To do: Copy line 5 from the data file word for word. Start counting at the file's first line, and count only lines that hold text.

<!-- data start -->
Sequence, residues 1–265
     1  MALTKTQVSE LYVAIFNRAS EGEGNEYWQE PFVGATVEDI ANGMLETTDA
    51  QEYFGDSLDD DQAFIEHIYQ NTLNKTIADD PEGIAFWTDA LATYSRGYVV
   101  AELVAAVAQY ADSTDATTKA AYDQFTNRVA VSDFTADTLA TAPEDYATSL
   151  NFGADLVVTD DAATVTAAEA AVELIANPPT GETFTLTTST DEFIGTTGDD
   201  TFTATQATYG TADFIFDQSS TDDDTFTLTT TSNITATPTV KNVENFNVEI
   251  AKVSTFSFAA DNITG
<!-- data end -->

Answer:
   151  NFGADLVVTD DAATVTAAEA AVELIANPPT GETFTLTTST DEFIGTTGDD